By David Wishart, Cruise Critic Contributor
Katha Pandaw is one of the company’s smaller vessels, with a shallow draft that enables it to cruise the Irrawaddy beyond Mandalay, and hard-to-reach sections of the Chindwin River.
The ship has two passenger decks with identical cabins of 170 square feet. All have twin beds, air-conditioning and French windows opening on to a walk-around deck. Bathrooms have good showers, with bathrobes, hair dryers, and slippers provided. Cabins also have desks and safes. There is an onboard laundry and crew clean shoes after excursions.
Passengers spend most of their leisure time on the aft section of the covered upper deck, where they can take in the sights from teak loungers and wicker furniture. This deck also has a small covered deck forward.
Meals are served alfresco at tables on upper deck.. Breakfast is buffet style, preceded by coffee, tea and light bites for early risers. Lunch is served either buffet style or standard sit-down, while dinners are four-course affairs. Produce is fresh, regional and seasonal.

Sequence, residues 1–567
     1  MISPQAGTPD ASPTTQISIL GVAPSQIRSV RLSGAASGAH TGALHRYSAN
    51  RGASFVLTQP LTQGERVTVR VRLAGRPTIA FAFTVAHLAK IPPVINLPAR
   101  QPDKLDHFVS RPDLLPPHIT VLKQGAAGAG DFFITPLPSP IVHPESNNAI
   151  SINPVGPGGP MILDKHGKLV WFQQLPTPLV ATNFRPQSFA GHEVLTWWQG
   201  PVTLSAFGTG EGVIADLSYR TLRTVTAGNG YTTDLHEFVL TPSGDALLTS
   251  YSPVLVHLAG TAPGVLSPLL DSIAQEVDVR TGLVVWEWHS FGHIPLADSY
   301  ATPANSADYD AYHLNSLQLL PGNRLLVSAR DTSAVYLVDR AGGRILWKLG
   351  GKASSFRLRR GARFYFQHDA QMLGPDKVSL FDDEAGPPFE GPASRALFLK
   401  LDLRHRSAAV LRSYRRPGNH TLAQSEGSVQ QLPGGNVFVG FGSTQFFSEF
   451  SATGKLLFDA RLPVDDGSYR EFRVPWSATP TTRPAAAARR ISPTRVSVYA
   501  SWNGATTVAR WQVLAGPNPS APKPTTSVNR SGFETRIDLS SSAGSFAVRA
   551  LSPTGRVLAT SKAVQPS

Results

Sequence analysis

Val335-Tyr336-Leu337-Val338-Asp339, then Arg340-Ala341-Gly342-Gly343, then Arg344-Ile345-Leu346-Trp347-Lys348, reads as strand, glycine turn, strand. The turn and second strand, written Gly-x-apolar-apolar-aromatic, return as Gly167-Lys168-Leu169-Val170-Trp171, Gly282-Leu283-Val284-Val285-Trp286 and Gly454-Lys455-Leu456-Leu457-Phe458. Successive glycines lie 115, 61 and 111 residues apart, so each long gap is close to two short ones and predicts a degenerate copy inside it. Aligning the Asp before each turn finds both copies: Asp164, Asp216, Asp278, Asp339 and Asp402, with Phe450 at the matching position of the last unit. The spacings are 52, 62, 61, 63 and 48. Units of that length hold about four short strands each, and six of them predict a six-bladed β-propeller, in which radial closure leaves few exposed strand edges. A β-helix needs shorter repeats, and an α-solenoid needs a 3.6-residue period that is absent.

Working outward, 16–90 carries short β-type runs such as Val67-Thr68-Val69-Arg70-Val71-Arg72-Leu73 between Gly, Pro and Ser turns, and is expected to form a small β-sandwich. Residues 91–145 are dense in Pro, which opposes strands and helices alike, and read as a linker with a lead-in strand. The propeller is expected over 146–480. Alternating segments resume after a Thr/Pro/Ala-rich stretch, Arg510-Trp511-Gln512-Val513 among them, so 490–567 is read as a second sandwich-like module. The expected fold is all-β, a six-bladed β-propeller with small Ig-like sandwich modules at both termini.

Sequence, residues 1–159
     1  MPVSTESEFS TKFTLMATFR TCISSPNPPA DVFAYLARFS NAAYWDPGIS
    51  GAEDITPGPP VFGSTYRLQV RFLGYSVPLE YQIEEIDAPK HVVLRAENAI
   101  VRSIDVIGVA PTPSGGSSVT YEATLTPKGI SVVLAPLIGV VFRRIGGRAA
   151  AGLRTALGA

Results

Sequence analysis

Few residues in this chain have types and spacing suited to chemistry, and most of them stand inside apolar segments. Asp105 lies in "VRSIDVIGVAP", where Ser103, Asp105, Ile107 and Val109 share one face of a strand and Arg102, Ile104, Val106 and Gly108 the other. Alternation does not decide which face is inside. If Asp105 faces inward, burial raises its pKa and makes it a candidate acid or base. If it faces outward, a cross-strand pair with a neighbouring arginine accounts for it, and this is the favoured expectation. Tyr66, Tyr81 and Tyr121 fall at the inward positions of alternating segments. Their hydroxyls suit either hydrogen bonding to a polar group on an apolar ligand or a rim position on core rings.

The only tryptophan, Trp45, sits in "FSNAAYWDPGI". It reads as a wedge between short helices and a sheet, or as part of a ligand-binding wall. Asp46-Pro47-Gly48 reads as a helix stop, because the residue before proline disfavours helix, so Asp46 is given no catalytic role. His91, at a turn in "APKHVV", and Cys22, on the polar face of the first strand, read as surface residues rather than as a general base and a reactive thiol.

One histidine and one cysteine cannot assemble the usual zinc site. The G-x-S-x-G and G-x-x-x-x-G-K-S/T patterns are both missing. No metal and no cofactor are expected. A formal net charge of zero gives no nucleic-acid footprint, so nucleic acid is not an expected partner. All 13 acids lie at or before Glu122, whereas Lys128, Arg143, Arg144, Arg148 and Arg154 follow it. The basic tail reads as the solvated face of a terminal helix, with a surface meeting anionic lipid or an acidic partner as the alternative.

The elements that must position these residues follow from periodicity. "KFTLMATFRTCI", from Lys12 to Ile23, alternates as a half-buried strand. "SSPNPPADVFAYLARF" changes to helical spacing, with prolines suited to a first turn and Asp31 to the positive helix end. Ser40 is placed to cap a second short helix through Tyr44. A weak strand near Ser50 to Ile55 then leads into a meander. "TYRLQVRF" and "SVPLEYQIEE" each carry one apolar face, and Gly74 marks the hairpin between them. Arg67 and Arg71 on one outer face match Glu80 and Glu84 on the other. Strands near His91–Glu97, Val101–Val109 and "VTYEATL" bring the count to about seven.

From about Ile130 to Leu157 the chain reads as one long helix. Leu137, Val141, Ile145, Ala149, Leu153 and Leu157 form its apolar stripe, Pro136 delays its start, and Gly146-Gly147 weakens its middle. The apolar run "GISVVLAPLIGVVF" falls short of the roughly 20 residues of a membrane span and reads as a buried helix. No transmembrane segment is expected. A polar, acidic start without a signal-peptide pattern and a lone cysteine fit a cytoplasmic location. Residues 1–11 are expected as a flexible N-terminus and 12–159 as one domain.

Coffee, tea, soft drinks, beer and domestic spirits are complimentary and served from the bar/library on the upper deck. There is an open-bridge policy.
There is Wifi that is often slow, due to the remote areas traveled. However, some of the riverside towns have internet shops.
Katha Pandaw has one guide who gives briefings at cocktail hour every night, and accompanies the free daily excursions. Local entertainment, such as folkloric dancing and puppet shows, sometimes takes place in the evenings. Tipping is optional.
Overnights usually involve stopping at a riverbank and securing the ship with lines attached to stakes hammered into the sand. Sometimes part of the gangway is little more than a plank and sandbags, making this trip difficult for those with disabilites. But plenty of willing crew are always there to assist. Most passengers see Pandaw as a world away from conventional cruising and take such measures in stride. .